Once Upon a Time...

Once upon a time in the land of food, wine, all things artisan-made, all things handcrafted and all things delectable and grown in its glorious and bountiful backyard, the city dubbed the one of roses opened its arms and invited in those from all walks of life with one common goal: to listen, mingle and explore endless possibilities with like-minded individuals all in the name of food. The city was Portland, Oregon. And those gathered from the walks off life made up a group appropriately named the International Association of Culinary Professionals (IACP). 

The New Culinary Order

This enchanted story of once upon a time, actually didn't happen that long ago. Last week from April 21 to April 24, The New Culinary Order descended upon Portland and created what many heavily involved in the world of food and drink may look back on as a fairytale. What began its first night with an unforgettable host city reception at Portland's The Nines hotel transcended itself into four days of seminars focusing on all aspects of the culinary world; which began in the wee hours of the morning, and led to late-night rendezvous that included intimate sessions with food industry stars and hush, hush dinner parties throughout the entire city. 

Our Days and Nights

Daytime workshops held throughout the Oregon Convention Center, The Portland Art Museum, The Art Institute and many more delicious Portland venues took hungry attendees through sessions and workshops on topics such as: Hands-On Digital Food Photography with famed food photographer and blogger Matt Armendariz; Oregon Truffles with author and founder of Oregon White Truffle Oil Jack Czarnecki; Guerilla Marketing for Culinary Professionals with Virginia Willis; and Recipe Development with blogger and recipe developer Amy Sherman. Those wanting to learn lessons and sit in with experts partook in Night Owl sessions held nightly including: Reinventing Your Food Writing Career with Dianne Jacobs; Self-Publishing: A Story from the Front Lines with Jean Duane; A Culinary Conversation with Anne Willan and Virginia Willis; and Culinary Hustling with culinary entrepreneur  and mogul Andrew Schloss

Warning: Star Sightings Ahead

Like any lover of the food world, or one who is looking to find their spot within this incredible industry, I was, of course, star-struck throughout the entire week. There is something magical about meeting those whose books you've read and adored or have given you inspiration, or those whose recipes have delivered to you unforgettable eats, or thoughts have caused you to view food in a different way. The stars at this show proved no different. A list of A-listers who set foot in Portland last week (Off the top of my head. It's entirely possible that I'm missing a few): Ruth Reichl, Judith Jones, Madhur Jaffrey, Michael Ruhlman, Andrew Dornenburg, Karen Page, Virginia Willis, Anne Willan, Andrew Schloss, Kim Severson, Dianne Jacob, Jaden Hair, Brad Farmerie, and many more. I remember attempting to take about a million pictures of Ruth, or which none came out. The iPhone cannot be depended upon for everything.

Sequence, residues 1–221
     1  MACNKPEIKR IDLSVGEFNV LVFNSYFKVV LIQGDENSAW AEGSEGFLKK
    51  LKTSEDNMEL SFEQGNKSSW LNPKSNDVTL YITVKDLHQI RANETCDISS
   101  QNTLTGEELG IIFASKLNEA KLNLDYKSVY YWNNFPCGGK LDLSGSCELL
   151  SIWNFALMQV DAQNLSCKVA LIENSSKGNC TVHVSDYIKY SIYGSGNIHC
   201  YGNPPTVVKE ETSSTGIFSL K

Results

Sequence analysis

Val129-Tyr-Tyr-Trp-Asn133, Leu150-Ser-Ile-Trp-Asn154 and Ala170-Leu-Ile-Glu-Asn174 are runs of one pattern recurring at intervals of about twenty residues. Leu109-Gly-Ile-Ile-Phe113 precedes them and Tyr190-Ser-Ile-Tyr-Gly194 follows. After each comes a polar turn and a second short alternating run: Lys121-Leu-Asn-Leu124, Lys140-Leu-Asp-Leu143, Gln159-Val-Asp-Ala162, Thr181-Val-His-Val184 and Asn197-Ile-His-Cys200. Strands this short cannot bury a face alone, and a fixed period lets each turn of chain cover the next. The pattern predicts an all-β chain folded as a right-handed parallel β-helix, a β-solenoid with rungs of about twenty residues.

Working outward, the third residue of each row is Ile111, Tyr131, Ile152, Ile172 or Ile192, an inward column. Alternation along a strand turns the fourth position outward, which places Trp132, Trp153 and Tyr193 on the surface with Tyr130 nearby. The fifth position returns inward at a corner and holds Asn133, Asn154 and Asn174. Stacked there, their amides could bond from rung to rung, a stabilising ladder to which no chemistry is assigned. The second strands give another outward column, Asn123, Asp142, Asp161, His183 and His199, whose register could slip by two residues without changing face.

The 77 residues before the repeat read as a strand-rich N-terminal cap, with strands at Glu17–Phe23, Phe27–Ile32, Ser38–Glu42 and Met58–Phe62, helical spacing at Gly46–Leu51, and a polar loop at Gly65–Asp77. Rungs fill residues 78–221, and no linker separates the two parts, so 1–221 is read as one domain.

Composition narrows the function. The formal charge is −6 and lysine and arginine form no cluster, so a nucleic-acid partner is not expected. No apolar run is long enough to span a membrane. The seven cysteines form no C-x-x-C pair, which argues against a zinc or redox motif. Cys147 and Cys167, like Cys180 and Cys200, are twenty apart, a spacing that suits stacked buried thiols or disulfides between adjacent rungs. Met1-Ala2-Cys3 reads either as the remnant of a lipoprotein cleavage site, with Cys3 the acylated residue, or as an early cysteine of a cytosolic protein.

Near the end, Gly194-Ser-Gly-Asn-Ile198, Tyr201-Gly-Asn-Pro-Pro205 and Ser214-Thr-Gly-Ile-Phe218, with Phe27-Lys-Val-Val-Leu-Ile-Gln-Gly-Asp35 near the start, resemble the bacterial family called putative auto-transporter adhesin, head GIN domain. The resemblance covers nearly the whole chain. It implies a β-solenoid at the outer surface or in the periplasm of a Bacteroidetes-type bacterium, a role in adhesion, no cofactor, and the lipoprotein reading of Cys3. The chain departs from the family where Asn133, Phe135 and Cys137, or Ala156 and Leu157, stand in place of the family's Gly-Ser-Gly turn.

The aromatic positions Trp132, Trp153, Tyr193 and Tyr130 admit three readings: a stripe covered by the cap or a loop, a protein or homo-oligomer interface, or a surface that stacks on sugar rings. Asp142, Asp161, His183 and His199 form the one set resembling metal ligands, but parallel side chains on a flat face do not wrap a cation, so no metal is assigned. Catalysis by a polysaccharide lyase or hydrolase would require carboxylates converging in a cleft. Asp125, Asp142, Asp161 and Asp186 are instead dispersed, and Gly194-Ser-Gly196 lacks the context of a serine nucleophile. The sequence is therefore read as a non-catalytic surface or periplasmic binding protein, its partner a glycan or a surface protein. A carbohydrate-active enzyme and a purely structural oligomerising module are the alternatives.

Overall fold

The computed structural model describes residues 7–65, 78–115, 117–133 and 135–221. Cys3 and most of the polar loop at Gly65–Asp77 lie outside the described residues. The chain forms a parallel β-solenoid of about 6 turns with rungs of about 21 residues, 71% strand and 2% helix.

Job Well Done

And I'm definitely not speaking about a filet. Congratulations to Portland's host committee, led by Mike Thelin. The conference was one that's conversations was off the charts on Twitter chatter (check out conversations at hashtag #iacp), and one that had many who could not attend in complete envy. It was one that raised the bar for future IACP conferences. I was happy to be here, happy to be involved with coordinating some of the events and as a volunteer, and so proud that it was in my home city. Honestly, there was no better place to be. 

For my 'Some other things I just loved this week' section, I've picked out top highlights for me from IACP:
  • Some one-on-one time with the woman whose book, Will Write for Food, was the first guide I picked up on food writing, Dianne Jacob. I chauffeured Dianne to an event she needed to attend after one of her Night Owl Sessions. When I first picked up her book a few years ago, I can honestly say I didn't think I would ever be giving her a lift in the Jetta. Life is so fascinating that way. 
  • Finally seeing Ruth. Murmurs began at the host city reception that 'someone just saw Ruth', but my eyes didn't make that a reality until Friday at the conference. I attended an intimate session where Ruth discussed her PBS series "Gourmet's Adventures with Ruth." It was so fantastic to listen to her discuss details of an episode we watched in the room with her, the trials and tribulations of filming, and her thoughts on bringing the series back post-Gourmet. One thing that stuck with me - aside from what a fantastic writer and editor Ruth is - is a) she has great hair, and b) she has a unmistakeable, deep voice. I loved listening to her talk. The series is still available and can be streamed online at www.gourment.com/adventureswithruth